Same Sex Marriage Legal Challenge Underway

May 21, 2018

[Updated] The ‘Roderick Ferguson et al vs the Attorney General’ legal matter is listed on the Court schedule to begin today [May 21], with the case set to challenge the Domestic Partnership Act.

Same sex marriage was initially legalised in Bermuda following a Supreme Court decision in May 2017, with Greg DeRoche and Winston Godwin successfully challenging the law, with the court ruling in their favour, saying that “common law discriminates against same-sex couples by excluding them from marriage.”

The court ruling paved the way for same sex couples to get married, however did not automatically extend all the same legal benefits opposite sex couples received to same-sex couples. The Domestic Partnership Act then passed in Bermuda’s legislature last year, serving to create domestic partnerships, with benefits, that can be entered into by both same-sex and heterosexual couples.

The law also serves to restrict marriage as being between a man and woman, in effect ‘overturning’ the court ruling — which led to some calls for boycotts and negative international media coverage with the island being billed as the “first country to overturn same sex marriage” — and it is the provision in the law which serves to overturn same sex marriage that is being challenged.

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The Domestic Partnerships Act is set to take effect on June 1st of this year, and as it stands now, same sex couples can get married in Bermuda until May 31, 2018.

Earlier this year, lawyer Mark Pettingill — who represented Greg DeRoche and Winston Godwin in 2017 — filed a motion on behalf of a client challenging the constitutional aspects of the Domestic Partnership Act.

At that time, Mr Pettingill told Bernews that Roderick Ferguson, a Bermudian man living in the United States, filed this lawsuit because “the right to have a same-sex marriage has been taken away.”

The former Attorney-General maintained that as Bermuda created legislation that removes it, the Domestic Partnership Act is unconstitutional.

The Orginating Summons filed [PDF] is seeking an Order declaring the “Domestic Partnership Act 2018, in so far as its effect is to reverse the decision in the case of Godwin & Deroche v The Registrar General, the Attorney General et al [2017] SC (Bda) 36 Civ, notwithstanding provisions of the Human Rights Act 1981, is void.”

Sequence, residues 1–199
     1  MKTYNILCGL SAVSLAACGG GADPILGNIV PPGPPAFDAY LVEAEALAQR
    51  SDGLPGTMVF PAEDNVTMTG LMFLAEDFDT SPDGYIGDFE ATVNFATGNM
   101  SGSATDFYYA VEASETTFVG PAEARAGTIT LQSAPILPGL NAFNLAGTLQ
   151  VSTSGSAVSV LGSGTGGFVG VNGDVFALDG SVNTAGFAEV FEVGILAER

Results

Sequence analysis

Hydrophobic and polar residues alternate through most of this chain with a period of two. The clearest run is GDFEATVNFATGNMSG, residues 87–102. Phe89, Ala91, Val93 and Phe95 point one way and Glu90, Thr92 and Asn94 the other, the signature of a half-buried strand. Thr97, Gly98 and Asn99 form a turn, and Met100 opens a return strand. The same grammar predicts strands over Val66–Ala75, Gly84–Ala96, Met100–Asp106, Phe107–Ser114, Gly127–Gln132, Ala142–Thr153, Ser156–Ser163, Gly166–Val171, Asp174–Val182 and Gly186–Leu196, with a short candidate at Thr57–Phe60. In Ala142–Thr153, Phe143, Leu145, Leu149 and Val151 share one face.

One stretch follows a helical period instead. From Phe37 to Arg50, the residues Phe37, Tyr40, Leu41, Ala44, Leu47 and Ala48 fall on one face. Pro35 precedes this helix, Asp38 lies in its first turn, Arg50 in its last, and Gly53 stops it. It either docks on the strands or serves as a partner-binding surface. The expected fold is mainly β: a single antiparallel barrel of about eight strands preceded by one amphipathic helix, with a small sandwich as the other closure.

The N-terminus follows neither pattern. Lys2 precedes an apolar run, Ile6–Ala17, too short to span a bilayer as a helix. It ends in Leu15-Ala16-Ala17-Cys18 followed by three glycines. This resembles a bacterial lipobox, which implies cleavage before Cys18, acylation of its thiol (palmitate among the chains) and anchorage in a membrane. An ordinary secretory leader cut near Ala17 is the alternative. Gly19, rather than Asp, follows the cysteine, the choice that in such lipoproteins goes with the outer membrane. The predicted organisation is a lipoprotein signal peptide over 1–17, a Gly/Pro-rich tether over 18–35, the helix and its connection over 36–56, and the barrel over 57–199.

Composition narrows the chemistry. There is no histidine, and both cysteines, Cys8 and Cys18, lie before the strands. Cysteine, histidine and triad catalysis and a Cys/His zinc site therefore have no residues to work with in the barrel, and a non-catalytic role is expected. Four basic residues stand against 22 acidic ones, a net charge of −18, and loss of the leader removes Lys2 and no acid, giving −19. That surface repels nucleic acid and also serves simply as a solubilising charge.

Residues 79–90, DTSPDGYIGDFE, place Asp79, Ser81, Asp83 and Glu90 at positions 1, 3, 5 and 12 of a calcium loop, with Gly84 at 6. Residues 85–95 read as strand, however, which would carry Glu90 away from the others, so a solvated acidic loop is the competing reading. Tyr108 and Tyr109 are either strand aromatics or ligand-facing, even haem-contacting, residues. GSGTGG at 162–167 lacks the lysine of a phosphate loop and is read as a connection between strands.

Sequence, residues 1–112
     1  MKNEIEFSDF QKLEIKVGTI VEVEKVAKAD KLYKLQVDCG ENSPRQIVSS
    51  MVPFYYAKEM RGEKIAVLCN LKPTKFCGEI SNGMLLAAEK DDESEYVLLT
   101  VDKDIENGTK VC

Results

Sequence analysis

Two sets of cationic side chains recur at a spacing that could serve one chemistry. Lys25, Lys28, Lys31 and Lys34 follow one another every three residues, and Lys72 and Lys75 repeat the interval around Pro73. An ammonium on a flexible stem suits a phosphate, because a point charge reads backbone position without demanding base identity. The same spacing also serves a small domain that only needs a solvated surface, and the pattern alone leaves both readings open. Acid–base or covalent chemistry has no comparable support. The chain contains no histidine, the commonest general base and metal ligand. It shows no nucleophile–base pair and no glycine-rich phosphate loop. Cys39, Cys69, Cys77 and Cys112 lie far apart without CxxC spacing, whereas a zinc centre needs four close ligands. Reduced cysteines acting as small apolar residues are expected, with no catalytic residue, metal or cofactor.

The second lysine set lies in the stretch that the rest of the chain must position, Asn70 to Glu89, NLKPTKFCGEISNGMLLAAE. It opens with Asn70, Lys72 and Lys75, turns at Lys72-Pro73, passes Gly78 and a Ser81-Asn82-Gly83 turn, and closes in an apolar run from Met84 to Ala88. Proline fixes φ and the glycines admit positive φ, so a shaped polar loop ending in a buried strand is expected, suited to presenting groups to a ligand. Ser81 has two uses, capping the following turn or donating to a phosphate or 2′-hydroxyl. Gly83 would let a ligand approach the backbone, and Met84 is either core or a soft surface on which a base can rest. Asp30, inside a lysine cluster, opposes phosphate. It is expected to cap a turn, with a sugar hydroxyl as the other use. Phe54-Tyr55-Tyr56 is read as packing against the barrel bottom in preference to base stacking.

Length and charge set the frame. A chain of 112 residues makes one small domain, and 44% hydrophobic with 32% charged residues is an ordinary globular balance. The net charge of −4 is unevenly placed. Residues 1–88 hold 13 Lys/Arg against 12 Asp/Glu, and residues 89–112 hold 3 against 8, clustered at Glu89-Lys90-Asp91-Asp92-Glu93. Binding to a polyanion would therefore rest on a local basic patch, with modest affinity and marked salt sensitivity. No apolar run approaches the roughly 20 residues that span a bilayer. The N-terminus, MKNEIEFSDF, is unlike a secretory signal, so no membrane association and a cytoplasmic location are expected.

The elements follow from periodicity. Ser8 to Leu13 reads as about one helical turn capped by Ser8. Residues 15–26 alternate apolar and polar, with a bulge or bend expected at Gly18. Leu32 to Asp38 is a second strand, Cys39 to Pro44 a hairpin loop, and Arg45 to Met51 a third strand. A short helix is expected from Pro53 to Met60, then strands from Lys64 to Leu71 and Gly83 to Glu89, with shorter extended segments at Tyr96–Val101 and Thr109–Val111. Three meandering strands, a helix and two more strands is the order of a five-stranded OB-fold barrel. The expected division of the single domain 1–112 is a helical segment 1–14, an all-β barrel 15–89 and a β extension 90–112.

Following that, OUTBermuda and Maryellen Jackson also filed legal action in the Bermuda Supreme Court seeking an order declaring that provisions that “have the effect of revoking same-sex marriage” are in contravention of the Bermuda Constitution, and last month they said they were preparing an “application to join their case to the Ferguson v Attorney General case so both cases can be heard together.”

“OUTBermuda and Ms. Jackson strongly oppose any measure to revoke the right to marry by the Bermuda Government and believe that the ruling originally handed down by the Supreme Court of Bermuda in May 2017 permitting same-sex marriage is good law,” they said.

OUTBermuda and Maryellen Jackson are represented by Rod Attride-Stirling of ASW Law, while Mark Pettingill will be representing Roderick Ferguson.

Update 3.37pm: Written by Don Burgess:

The case against the Domestic Partnership Act began in Supreme Court today in front of Chief Justice Dr Ian Kawaley.

The gallery of the courtroom had more than a dozen onlookers, who heard Mark Pettingill argue that for people whose orientation is gay and “I want to marry a man and this proposed law destroys that dream.”

Mr Pettingill said the DPA, which is scheduled to go into effect in June, discriminates against a class of people. He is representing Rod Ferguson, a gay Bermudian man who lives in the United States.

Mr Pettingill said that “gay people and right thinking people took the view and have the view” that the rights of homosexual had become full, and that they were “protected to do all the things their heterosexual friends, including that right to marry.”

The Chief Justice said that there is no guarantee in a democracy that the law will remain the same, however the is a guarantee to have fundamental rights protected by the Constitution remain the same until the Constitution is amended.

The Chief Justice added that the right of Parliament to pass laws is fundamental to our system, so the courts have to exercise serious restraint when asked to challenge the legality of what Parliament has done.

He added this case might be argued in a completely different way at a higher court, saying this hearing may be regarded as a ‘warm-up act.’

The case continues and we will update as able.

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